Audio File length: 2.36
Author: STEFANO ZUFFI E DAVIDE TORTORELLA
English Language: English

Today I'll accompany you through the Palace of Venaria Reale: a fairy-tale palace just outside Turin.

Did you know that some of the castles and palaces in Turin's surroundings have been included in the UNESCO World Heritage list? One of these is the Palace of Venaria Reale, which after a long decline has been wonderfully restored and attracts hundreds of thousands of visitors today. A spectacular Baroque residence and home to major art exhibitions, today it offers you a pleasant break just outside the city center. As I said, the city of Turin is surrounded by many castles and palaces: this "Crown of Delights" is connected to the history of the Savoys and the emergence of Turin as a European capital. The Piedmontese territory was in fact part of the Duchy of Savoy beginning in the 1400s.

But you should know that this autonomous state was contested by various powers, and so in the mid 1500s the commander Emanuele Filiberto I realized that the only chance for the Duchy's survival was the political, military, and economic unification of the many feuds that were distributed over the plains of Piedmont and mountain crossings between Italy and France. So he moved its capital to the Piedmont side of the Alps, from Chambéry to Turin, and to maintain centralized power throughout the area, he organized a series of palaces in the green belt around Turin. Some of them were built from nothing, but he also repaired the old castles, some of which dated back to the Middle Ages and even to Roman times. This network of residences naturally wanted to stress the importance of the new capital from a political and administrative point of view, but also a cultural one.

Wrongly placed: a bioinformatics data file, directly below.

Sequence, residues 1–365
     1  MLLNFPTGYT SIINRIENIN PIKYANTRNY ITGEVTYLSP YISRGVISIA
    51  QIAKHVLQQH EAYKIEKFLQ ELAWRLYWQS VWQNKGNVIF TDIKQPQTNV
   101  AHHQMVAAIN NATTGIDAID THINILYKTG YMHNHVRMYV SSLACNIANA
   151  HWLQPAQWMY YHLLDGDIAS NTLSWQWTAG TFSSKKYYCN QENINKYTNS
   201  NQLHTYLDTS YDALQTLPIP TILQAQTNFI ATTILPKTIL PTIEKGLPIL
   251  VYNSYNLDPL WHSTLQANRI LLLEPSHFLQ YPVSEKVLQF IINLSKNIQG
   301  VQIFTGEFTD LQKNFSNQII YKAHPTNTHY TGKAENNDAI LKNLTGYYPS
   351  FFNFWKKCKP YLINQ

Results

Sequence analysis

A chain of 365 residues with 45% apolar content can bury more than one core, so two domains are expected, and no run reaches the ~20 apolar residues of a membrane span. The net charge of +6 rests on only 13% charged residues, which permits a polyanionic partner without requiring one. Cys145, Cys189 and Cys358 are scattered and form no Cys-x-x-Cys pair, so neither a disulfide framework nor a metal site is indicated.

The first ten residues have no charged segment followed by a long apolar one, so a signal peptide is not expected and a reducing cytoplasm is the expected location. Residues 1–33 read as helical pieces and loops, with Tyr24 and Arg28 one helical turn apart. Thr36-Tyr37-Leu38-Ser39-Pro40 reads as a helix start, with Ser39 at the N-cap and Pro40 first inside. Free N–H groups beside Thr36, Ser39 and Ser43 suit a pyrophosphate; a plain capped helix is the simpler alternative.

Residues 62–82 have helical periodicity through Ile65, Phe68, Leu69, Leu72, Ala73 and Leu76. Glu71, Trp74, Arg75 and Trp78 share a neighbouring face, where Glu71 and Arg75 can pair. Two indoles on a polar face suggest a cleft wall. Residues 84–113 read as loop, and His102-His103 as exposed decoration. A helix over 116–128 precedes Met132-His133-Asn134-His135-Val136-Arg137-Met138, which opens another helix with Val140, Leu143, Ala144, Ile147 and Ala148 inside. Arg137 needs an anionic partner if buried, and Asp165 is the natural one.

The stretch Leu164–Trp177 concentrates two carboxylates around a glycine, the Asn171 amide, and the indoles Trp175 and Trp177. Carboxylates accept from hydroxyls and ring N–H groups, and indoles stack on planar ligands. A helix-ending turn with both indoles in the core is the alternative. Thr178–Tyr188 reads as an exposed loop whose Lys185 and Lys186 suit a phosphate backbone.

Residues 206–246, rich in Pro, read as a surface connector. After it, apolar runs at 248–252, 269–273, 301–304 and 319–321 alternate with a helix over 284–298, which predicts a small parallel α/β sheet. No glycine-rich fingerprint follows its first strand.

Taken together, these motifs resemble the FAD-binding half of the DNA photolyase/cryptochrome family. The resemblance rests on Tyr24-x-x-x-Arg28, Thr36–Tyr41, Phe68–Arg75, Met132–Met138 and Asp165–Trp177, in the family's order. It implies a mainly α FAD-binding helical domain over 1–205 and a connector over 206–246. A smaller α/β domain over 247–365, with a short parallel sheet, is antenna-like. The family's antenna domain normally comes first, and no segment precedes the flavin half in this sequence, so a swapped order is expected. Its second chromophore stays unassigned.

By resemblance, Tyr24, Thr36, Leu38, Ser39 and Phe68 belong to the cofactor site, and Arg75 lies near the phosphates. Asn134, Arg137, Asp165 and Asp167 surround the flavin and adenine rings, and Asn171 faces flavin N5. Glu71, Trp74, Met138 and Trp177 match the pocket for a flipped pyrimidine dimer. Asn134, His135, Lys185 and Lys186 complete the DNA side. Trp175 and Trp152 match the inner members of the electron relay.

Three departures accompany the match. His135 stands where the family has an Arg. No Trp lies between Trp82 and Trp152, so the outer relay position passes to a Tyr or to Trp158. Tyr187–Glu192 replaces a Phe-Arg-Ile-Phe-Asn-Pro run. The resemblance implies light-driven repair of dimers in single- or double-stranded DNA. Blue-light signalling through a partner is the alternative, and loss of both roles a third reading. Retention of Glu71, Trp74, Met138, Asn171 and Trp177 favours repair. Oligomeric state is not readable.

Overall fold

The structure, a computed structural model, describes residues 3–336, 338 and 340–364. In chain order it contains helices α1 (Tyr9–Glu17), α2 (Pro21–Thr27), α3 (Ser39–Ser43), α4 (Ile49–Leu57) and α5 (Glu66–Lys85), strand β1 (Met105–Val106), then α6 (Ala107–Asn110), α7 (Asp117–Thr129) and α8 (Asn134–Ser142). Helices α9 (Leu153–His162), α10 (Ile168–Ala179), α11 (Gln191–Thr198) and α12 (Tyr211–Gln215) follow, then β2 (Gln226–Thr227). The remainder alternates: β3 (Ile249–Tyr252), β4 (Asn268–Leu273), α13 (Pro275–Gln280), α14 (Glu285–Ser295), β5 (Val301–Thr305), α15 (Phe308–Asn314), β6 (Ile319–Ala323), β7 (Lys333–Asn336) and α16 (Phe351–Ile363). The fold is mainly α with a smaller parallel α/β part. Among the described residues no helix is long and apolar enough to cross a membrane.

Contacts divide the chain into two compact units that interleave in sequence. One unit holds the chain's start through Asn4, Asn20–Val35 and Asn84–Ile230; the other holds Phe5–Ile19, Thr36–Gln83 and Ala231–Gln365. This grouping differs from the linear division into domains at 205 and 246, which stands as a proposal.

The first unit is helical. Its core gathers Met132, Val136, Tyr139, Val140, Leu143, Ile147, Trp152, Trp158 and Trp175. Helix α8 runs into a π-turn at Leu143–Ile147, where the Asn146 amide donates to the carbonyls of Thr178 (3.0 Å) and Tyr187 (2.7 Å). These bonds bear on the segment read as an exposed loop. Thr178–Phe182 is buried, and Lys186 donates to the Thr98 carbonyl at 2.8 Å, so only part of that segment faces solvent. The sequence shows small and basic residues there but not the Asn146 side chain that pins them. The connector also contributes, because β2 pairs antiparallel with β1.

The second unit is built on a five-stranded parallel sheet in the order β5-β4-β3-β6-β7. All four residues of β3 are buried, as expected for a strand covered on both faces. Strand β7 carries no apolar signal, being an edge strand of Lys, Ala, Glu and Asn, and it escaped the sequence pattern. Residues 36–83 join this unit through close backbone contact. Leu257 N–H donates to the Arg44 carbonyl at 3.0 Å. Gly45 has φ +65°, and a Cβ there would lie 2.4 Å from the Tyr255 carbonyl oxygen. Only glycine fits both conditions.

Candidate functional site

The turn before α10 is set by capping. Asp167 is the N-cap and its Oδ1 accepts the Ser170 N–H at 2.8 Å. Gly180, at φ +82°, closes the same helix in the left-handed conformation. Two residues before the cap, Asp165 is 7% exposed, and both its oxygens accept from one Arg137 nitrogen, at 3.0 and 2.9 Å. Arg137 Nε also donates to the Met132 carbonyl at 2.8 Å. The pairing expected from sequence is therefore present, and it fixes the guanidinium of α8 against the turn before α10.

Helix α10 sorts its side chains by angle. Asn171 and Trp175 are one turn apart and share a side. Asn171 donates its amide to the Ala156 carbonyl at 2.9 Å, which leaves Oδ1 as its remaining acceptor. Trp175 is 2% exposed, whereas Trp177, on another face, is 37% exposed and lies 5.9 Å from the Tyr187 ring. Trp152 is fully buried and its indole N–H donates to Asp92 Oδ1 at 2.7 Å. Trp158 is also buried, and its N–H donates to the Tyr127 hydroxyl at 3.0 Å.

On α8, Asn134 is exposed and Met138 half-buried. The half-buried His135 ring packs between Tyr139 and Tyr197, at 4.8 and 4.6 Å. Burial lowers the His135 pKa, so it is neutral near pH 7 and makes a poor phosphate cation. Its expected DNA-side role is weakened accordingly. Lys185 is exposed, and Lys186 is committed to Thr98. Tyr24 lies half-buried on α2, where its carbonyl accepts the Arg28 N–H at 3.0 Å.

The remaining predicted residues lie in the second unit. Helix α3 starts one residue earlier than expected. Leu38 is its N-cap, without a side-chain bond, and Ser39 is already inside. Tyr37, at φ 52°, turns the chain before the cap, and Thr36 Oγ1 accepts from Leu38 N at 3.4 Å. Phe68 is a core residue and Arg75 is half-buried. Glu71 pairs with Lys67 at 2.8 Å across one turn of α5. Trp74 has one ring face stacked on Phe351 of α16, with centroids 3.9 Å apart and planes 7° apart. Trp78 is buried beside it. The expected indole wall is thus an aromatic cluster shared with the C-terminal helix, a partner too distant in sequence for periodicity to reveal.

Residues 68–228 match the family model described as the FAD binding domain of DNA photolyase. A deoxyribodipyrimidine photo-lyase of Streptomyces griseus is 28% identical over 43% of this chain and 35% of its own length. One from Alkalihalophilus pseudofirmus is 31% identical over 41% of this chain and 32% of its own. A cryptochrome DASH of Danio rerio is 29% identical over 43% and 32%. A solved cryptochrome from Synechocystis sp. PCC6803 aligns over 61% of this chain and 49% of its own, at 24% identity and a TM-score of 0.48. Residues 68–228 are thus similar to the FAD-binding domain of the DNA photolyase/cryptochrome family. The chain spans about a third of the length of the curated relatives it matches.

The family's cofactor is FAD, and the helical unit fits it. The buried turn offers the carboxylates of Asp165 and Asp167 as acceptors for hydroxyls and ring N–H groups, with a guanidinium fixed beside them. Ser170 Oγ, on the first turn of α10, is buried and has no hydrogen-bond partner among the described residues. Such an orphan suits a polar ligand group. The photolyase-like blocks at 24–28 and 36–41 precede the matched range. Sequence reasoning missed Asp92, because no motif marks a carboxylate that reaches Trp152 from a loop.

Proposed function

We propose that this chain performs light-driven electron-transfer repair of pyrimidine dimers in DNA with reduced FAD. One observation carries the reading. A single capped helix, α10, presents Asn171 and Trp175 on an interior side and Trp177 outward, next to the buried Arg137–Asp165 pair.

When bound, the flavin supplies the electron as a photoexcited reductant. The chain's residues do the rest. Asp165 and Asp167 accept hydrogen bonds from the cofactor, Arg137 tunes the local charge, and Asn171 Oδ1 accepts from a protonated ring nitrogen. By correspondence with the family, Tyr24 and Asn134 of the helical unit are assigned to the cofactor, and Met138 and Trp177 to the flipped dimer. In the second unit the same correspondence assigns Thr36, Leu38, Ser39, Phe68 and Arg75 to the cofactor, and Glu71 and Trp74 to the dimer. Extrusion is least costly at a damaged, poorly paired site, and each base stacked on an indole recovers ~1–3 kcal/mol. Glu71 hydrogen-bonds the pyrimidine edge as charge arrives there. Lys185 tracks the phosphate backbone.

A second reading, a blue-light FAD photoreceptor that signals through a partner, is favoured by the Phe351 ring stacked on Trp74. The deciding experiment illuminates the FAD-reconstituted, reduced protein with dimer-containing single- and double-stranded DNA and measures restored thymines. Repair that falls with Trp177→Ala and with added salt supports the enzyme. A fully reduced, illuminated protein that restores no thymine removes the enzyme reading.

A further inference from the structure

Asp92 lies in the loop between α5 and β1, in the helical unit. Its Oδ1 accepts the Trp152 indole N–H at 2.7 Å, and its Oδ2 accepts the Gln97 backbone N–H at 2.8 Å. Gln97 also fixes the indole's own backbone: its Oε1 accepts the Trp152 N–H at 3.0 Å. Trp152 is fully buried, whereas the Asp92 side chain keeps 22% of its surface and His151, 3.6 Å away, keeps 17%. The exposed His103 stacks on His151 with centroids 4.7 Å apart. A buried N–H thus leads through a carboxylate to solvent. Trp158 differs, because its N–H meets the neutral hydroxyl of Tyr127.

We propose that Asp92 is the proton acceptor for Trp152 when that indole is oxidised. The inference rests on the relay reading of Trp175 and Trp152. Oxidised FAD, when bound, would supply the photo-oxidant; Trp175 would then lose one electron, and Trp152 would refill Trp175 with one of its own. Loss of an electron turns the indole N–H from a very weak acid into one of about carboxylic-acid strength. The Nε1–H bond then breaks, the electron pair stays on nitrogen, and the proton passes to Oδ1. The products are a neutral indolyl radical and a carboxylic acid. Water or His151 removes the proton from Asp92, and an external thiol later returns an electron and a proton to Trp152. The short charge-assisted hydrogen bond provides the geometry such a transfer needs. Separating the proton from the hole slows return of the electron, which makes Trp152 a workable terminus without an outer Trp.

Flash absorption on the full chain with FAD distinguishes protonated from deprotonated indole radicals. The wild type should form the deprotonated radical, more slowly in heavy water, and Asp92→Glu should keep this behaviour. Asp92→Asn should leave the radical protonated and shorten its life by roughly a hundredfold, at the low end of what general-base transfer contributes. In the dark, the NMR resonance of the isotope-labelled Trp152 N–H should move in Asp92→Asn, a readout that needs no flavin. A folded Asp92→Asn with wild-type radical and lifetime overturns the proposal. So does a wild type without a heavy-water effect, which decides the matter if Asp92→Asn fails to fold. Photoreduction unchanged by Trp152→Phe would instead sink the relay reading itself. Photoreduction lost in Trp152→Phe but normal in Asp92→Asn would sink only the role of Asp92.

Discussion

Emanuele Filiberto also had all the roads fixed up, and while he was at it also the hunting routes, since hunting was a favorite pastime of the House of Savoy. Venaria was just one of the hunting starting points for the King and Court, and indeed many of its stuccoes, statues, and paintings are about the theme of hunting and game.

 

FUN FACT: to give you an idea of how determined Emanuele Filiberto was, all I have to tell you is that that he was nicknamed "Testa'd Fer", which in Piedmontese means... head of iron!

 

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